See, there's one firmly reiterated idea from the game's developers: that WildStar should not be an interminable slog through a layer of grim seriousness. There should be some jokes, some humor, some moments that wind up just provoking a smile rather than a deep contemplation of the universe. When rounding up feedback on what makes something science fiction, the staff outright stated that Firefly was a major influence on the tone of the game as a whole. Not even close to a surprise, no, but even so.
This is going to turn some people off because we are now in the era when science fiction is allowed to take itself seriously. It's always done so, of course, but right now we have to distance ourselves from the time when it was goofy. Buck Rogers is out and grim-faced men in front of spaceship viewscreens are in. The remake of Total Recall doesn't feel the need to include ridiculous action movie one-liners because it's telling a serious story.
You don't have to look far in the MMO space to see that science fiction is Serious Business. EVE Online isn't a place of humor, unless you find sniping at defenseless mining craft to be funny. (A lot of people do.) Star Trek Online is driven by the dangers that the Federation faces, closer to the later parts of Deep Space Nine than the goofier ones. PlanetSide 2 is all about a global war, Firefall is set against a colorful backdrop but focuses on colorful ultraviolence, and while I never played Earthrise, scowls seemed to make up about 90% of its facial expressions.
If you want to chuckle, go play a fantasy game. This is science fiction, and we are adults.
This makes me sad. Yes, science fiction as a genre has always been more than capable of being serious, but it's also capable of being laugh-out-loud hilarious. From a literary standpoint, it's a genre that likes to explore human beings as we progress onward in our development, and that encompasses a lot of different emotional reactions.
More to the point, good science fiction finds time for laughter and levity even amidst the seriousness. A lot of well-known dark science fiction is in short story form because it's almost punishing to read -- I Have No Mouth, and I Must Scream is a bear to get through because it's so relentlessly depressing, and it only clocks in at 13 pages or so. Having one note at all times wears on your quickly.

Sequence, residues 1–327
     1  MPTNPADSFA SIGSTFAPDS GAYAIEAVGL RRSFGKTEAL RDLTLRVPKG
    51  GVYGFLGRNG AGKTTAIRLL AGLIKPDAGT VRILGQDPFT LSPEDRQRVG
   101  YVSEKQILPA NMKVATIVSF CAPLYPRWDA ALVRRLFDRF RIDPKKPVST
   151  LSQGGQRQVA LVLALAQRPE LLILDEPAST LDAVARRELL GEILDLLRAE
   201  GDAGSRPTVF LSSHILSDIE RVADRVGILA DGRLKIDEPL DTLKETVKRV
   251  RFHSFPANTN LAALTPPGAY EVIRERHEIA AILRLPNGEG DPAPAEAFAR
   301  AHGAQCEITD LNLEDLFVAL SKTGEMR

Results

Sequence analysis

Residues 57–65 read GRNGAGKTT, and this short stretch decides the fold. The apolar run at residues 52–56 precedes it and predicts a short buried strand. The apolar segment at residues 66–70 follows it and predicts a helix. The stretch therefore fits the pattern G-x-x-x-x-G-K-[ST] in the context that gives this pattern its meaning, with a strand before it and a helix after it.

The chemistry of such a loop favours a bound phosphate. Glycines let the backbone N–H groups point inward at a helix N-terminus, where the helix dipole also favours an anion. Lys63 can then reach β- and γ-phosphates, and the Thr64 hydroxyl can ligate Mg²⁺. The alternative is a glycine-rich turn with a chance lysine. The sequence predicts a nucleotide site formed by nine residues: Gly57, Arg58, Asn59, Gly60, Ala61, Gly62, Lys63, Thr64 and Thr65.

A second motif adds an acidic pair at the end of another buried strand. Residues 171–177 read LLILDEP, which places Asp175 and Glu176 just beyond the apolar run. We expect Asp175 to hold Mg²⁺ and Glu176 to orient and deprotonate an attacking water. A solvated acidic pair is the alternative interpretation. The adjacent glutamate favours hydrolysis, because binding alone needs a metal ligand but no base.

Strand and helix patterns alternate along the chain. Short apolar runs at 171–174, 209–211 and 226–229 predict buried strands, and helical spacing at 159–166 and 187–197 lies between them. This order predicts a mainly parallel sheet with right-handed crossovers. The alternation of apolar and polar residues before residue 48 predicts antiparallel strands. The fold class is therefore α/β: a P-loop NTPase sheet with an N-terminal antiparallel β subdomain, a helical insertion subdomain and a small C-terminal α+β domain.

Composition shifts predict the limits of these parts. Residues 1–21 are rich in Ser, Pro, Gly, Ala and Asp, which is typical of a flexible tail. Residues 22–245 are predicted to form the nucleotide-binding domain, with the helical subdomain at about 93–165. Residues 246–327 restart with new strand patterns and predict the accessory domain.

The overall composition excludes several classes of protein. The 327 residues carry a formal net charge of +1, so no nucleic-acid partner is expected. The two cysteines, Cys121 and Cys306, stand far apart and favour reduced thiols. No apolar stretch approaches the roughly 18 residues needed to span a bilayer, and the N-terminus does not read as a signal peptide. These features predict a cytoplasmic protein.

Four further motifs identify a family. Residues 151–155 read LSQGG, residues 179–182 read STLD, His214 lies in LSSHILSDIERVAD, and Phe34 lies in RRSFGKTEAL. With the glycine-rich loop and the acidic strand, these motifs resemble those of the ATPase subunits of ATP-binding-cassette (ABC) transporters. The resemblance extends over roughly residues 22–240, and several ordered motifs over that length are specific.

So WildStar doesn't want to be forever scowling seriousness against a backdrop of grim darkness. And there's a lot of room for seriousness there amidst a bit more lighthearted fare, with stories and threats to match.
Is that reductive? I don't think so. I think it's more reductive to have a setting devoid of humor.
As I mentioned earlier, one of the major parts of science fiction as a genre is placing human beings in a different setting and letting things play out. The sense of wonder comes from the alien, but the human part comes from, well, familiar human nature. And there's more to human nature than just sitting and grimacing until something horrible happens.
Firefly is being used as an example because it hits the right notes. The core of the story is just people surviving in a harsh environment, which fits the inhabitants of Nexus right on down the line. You've got a deep divide between two groups of people, both with a lot of bad blood but more in common than you might think at the end of the day. And there are always bigger things moving in the background.
But it's also a story in which people get to act like people. Sometimes people are silly or greedy or absent-minded or just plain dumb. There are heroes like the leaders of the Exiles, and then there are the denizens of Protostar Corporation with no real stake in anything beyond getting your cash.
These two things can coexist. More than that, they can occupy different space as the story demands it. Protostar is pretty ridiculous, but I can easily imagine Dominion players deaing with a project on the planet's surface that's gotten out of hand and threatens the planet in a serious manner. Or Exile agents trying to help a landholder pay off an unfavorable contract before those thieving corporate bastards try to take back the homestead. And then after you've done that, you go back to your home where a cheerful representative tries to oversell you on supplies you won't conceivably need with a big smile and an absurd degree of patter.
It's a game of variety, is what I'm getting at. And having more of it is good in the long run.
Of course, you might feel differently, and if you'd rather have your adventures across Nexus focus entirely on a grim slog through dark horrors, you can feel free to sound off in the comments or via mail to firstname.lastname@example.org
. I won't object. Next time around, I'm going to speculate just a wee bit on combat and what it might look like from what little we've seen on the outside.
Here's how it is: The world of Nexus can be a dangerous place for a tourist or a resident. If you're going to venture into WildStar, you want to be prepared. That's why Eliot Lefebvre brings you a shiny new installment of The Nexus Telegraph every week, giving you a good idea of what to expect from both the people and the environment. Keep your eyes peeled, and we'll get you where you need to go.